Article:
The Invention – Julia Hubery and James Munro
- Published by Graffeg
This is such a feel good book that will have children enraptured from the offset as they hear about Fili, the Caretaker’s daughter, and her invention she builds as a way to combat the sad feeling she has from her neighbours all being too busy coming and going to bother interacting with Fili, or each other. The invention builds in size, and so does the curiosity of her neighbours as to what she is making, and the grand reveal takes place at a party Fili invites everyone to. Soon everyone is busy helping to get the invention to work, and in doing so they are chatting to one another, laughing and using their imaginations, all of which was the intended outcome of Fili’s idea.
I love the outline drawings that illustrate this book, and the use of minimal colour draws your eye to the key aspect of what is happening on that page. There is so much to spot on the pages, especially within the invention itself, and I love the vibe of the drawings, and how they bring the story to life on the page for little ones to follow along.
Ebb and Flo and the Baby Seal – Jane Simmons
- Published by Graffeg
In this title in the Ebb and Flo series we follow Ebb the dog around as she tries to find someone to play with on a wet and windy day, only to find that everyone is busy. Ebb follows a sound down to the beach and finds a baby seal to play with, and soon it is late, and Ebb is ready to head home for dinner, only to find that the baby seal wants to follow. Eager to get the baby seal help Ebb is relentless in trying to get mum and Flo’s attention, and they follow their dog down to the beach and discover the seal pup. Mum has a brilliant idea, and the trio are accompanied by the seal pup head off on a journey to reunite the pup and its mum.
Flo is worried that they won’t be able to find the mother, but the book has a happy ending, and the reunion takes place, and it is so heart warming and adorable. Little ones often worry about losing sight of their parents whilst out, and this book is a cute way of reassuring them that there is a happy ending in those sorts of situations. I love the illustrations, which I have come to love through the previous titles in this collection, as they are very softly depicted, which adds to that feel good aspect to the book.
I’ll Be There – Karl Newson and Rosalind Beardshaw
- Published by Nosy Crow
Karl Newson has created yet another keepsake modern classic in I’ll Be There, which has all the vibes of a message to a special little one by an adult in their live that reflects all the love they feel for the child, and how they will always be there to support, encourage and protect the child. The rhyming sentences give this book a lyrical feel, which is perfect for the feel good aspect to the book, which is accompanied by the most adorable illustrations that feature a variety of animals throughout the book to depict the referenced scene. Little ones will definitely be able to spot their favourite animal amongst those that feature, and be enraptured by everything that unfolds between the adult and child animals inside the book, which concludes with a dad and baby in the nursery at home.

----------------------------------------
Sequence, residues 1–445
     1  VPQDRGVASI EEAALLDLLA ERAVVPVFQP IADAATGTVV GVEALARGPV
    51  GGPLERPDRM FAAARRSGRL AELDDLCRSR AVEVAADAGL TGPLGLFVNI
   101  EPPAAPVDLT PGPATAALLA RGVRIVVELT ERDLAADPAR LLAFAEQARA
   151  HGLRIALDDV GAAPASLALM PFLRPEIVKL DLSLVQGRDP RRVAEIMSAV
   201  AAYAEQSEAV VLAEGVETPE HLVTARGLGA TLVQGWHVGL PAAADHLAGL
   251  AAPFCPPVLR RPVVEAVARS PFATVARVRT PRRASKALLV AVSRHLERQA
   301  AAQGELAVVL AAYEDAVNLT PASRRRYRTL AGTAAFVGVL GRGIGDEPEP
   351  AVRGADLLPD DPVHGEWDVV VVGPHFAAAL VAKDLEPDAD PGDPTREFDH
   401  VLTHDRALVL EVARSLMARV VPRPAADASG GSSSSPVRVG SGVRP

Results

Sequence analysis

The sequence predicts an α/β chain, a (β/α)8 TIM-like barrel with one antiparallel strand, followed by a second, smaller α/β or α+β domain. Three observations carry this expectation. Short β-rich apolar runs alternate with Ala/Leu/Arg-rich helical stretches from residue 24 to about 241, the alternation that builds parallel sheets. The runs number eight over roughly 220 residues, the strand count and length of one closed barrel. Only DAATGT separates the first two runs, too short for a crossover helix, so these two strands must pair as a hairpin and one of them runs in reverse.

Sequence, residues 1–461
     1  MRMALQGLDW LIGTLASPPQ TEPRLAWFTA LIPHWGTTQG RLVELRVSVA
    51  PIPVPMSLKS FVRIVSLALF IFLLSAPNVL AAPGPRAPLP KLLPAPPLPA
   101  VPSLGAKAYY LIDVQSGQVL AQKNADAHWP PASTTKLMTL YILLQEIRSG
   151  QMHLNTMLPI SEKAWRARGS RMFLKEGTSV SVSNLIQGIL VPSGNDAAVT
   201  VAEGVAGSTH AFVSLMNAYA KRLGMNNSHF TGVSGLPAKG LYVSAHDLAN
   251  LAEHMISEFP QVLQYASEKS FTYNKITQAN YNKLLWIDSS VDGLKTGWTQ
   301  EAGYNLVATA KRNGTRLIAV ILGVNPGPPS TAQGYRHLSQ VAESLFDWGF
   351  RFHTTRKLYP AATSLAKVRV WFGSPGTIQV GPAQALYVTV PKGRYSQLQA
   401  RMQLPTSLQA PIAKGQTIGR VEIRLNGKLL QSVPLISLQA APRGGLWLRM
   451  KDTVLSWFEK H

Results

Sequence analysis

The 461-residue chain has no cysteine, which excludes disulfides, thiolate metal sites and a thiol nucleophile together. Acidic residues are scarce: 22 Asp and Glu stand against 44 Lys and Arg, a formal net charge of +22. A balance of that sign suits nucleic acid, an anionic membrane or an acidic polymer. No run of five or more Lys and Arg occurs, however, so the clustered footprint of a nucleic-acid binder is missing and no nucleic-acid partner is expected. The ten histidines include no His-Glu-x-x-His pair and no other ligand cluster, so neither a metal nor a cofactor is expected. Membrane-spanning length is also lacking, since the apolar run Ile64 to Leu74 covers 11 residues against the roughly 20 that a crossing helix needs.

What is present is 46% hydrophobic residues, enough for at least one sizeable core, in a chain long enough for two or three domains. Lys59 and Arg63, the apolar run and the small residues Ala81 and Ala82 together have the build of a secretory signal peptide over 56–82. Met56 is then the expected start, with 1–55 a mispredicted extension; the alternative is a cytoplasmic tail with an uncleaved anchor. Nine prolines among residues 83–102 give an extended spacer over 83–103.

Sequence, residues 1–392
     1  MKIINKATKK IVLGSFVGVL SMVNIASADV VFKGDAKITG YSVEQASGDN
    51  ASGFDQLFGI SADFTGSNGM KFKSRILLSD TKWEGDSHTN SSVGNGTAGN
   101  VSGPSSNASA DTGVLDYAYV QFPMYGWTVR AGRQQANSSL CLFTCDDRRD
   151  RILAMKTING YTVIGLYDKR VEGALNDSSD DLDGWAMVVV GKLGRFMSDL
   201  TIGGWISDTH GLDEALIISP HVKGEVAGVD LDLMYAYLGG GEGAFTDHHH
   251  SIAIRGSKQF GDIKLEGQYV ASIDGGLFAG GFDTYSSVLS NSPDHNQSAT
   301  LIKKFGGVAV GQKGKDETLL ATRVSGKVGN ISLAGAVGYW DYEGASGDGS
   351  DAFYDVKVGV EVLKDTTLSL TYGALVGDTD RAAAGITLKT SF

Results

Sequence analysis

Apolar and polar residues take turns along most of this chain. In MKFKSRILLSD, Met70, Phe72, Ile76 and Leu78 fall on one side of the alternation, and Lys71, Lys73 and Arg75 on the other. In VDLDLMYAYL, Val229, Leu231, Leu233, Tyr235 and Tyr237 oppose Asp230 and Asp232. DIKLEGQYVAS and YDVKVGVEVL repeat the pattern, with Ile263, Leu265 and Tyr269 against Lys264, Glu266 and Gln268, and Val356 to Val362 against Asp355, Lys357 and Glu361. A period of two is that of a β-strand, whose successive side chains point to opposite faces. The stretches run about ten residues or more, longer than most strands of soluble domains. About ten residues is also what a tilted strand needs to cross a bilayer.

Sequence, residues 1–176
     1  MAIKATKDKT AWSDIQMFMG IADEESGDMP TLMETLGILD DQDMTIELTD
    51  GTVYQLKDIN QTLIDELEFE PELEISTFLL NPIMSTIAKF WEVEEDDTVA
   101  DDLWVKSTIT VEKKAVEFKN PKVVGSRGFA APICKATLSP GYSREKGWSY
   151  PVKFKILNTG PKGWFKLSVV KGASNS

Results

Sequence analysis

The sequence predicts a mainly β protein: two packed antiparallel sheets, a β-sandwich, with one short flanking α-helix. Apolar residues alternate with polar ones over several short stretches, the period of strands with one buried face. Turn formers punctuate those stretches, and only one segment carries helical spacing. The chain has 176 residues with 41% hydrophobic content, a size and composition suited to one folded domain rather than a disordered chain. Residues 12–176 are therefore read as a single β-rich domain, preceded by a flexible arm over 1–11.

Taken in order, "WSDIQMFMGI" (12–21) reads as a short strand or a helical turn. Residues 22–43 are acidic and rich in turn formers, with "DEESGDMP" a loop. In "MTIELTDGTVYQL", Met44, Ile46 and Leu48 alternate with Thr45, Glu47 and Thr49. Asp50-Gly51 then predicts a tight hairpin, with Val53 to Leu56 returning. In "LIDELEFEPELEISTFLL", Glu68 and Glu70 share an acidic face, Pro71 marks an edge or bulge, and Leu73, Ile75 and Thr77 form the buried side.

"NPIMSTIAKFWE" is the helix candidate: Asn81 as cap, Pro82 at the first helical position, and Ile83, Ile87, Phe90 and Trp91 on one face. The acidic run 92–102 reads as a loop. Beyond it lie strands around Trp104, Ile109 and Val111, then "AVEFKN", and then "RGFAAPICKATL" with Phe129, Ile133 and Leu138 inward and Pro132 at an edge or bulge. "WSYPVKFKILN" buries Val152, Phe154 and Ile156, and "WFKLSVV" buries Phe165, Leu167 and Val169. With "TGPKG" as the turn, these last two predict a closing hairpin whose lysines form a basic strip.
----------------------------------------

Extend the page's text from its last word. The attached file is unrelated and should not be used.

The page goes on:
I could think of so many people that would love the sentiment of this book, and the subsequent opportunity to share it with their special little one, from my auntie and her grandsons, my cousin and his baby, my sister and her toddler, and many friends too. I know that whoever I gift my copy of this book to will cherish it, and give it a forever home, that they share over and over at bedtimes, nap times, when children are poorly, or just to share some special time together with the perfect book.
Somewhere – Jeanne Willis and Anastasia Suvorova
- Published by Nosy Crow
I am a huge fan of Jeanne Willis’ books, and this is my new firm favourite, with its cut outs that feature on every page, adding a special detail to the unfolding story, and capturing your attention with every turn of the page. We meet a lovely little boy, Oscar, who is fed up with all the questions that are being asked of him at home, so he takes himself off to absolute nowhere, a place where no questions are asked of him and he has lots of fun. Later on though Oscar realises he misses the questions that his parents ask him, because they are a reflection of how much they care about him and his welfare, and he decides he wants to go back home.
Oscar finds himself lost amongst nowhere, until a kind cat appears, and the two find their way home, and Oscar is delighted by the barrage of questions put to him as soon as he gets back. Everything is as it should be again, and Oscar is happy to be with his family once more. This is the epitome of a beautiful story, and one that portrays a potential outcome to that stereotypical answer all children give when they are frustrated by being asked where they are going, and it seems Nowhere is perfect for a while, but being Somewhere is far nicer, especially if it involves being surrounded by loved ones.